Nonbinary’ is typically used to describe all genders which do not fit inside the binaries of male and female. Some people use it to include identities such as Agender, genderfluid and genderqueer.  

Trans’ is typically used as shorthand for the term transgender and describes men and boys who were assigned female at birth as well as women and girls who were assigned male at birth. 

‘Trans*’ is typically used to describe all genders where the person’s gender does not align with their birth sex (ie. everyone who is not cisgender). In this way it encompasses both trans and nonbinary people as well as gender diverse people who may not identify as nonbinary. Some sources, however, use ‘trans’ and ‘trans*’ interchangeably. 

What’s the current problem? 

Taking a look at how you talk and think about gender is an important task not just for researchers but for everyone in society too. In social research, we often need to ask people what their gender is, and how we do this is very important. Many quick and simple adaptations can be made to the ways we talk about and record gender data. These must be carefully considered as misclassifying people’s gender by assuming that they are limited to male and female, or by assuming someone’s gender based on their appearance, only serves to limit: the freedom of subjects to express their gender; the validity of our demographic data; and how ethically sound the research practices are.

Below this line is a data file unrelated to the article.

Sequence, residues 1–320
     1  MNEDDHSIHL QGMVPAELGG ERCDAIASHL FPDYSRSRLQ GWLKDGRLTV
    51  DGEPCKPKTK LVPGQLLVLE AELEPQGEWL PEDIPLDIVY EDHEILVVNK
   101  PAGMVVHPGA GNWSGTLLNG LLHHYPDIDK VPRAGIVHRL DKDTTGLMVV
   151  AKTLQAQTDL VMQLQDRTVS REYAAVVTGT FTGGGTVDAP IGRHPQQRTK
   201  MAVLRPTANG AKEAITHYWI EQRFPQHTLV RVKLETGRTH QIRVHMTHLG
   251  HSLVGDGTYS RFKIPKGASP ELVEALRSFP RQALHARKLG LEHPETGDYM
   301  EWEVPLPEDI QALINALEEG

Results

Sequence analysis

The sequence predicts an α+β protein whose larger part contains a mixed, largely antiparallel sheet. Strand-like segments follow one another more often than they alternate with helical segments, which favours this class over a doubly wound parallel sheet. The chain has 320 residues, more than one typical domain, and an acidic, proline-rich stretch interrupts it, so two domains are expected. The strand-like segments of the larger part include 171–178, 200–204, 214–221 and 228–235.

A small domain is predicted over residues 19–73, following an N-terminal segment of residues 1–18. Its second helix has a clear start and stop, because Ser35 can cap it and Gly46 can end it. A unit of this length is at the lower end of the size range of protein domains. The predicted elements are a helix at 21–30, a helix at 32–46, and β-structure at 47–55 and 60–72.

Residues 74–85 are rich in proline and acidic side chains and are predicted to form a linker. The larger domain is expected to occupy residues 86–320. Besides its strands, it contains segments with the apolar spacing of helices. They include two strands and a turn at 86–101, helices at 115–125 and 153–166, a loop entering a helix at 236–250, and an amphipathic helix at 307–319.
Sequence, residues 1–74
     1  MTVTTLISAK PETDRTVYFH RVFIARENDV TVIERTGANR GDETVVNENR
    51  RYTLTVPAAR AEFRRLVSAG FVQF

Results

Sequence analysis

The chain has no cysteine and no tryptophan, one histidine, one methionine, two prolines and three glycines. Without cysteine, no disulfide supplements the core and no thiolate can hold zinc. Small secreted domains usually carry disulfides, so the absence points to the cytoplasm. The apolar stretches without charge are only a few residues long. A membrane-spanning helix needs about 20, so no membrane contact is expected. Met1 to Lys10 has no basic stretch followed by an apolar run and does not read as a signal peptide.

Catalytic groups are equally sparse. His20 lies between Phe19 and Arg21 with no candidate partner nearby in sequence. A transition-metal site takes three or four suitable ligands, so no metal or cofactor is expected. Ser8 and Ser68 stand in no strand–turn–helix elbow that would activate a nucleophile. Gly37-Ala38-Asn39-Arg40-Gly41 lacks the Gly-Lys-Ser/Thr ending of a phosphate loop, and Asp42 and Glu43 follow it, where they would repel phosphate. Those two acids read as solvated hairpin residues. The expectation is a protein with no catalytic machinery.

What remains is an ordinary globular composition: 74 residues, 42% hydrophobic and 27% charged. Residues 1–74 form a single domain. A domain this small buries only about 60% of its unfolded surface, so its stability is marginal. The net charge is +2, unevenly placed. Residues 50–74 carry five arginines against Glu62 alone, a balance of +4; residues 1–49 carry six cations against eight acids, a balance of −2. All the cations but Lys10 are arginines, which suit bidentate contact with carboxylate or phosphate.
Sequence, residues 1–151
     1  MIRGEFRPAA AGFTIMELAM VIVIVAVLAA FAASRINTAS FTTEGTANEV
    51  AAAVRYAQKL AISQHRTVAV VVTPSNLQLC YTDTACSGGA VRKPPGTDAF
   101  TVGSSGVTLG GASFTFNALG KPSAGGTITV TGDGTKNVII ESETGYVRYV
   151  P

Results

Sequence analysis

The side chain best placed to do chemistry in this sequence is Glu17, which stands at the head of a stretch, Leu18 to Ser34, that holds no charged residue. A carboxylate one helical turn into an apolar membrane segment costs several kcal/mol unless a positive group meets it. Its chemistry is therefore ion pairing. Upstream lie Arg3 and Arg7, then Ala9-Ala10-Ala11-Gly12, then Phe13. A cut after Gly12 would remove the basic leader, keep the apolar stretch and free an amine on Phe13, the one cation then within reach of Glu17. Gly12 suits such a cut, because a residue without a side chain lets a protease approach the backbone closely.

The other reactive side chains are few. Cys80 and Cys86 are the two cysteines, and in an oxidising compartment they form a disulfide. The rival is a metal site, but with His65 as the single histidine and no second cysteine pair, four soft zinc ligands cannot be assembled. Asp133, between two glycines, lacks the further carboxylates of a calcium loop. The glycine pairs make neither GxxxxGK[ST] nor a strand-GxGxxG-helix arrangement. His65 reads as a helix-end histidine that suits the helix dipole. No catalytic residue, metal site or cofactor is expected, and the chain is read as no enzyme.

When choosing to record data on the subject’s sex it is important to consider if it is truly relevant to measure sex or simply an easier question than asking about diverse gender. We have produced a guide to help you to collect gender data and ensure inclusive research practices, though if the measurement of sex is needed for your research, remember to also consider that biological sex isn’t always binary either. 

Why is it important? 

Demonstrating the consideration of gender-diverse people in research and welcoming their authentic identities will also help to encourage a broader population of people to engage in social research. From this, not only does the data become more reliable and the findings more generalisable, but social researchers can also help to set a precedent across wider society that no gender should be presumed or excluded. 

What can you do? 

Researchers can make simple changes to survey questions, interview procedures and the way they communicate with participants to help make their practices more inclusive and drive change across the field.  Taking a look at how you talk and think about gender is an important task not just for researchers but for everyone in society too. To find out more about how to make research gender inclusive, visit our changemaker academy and download our guide.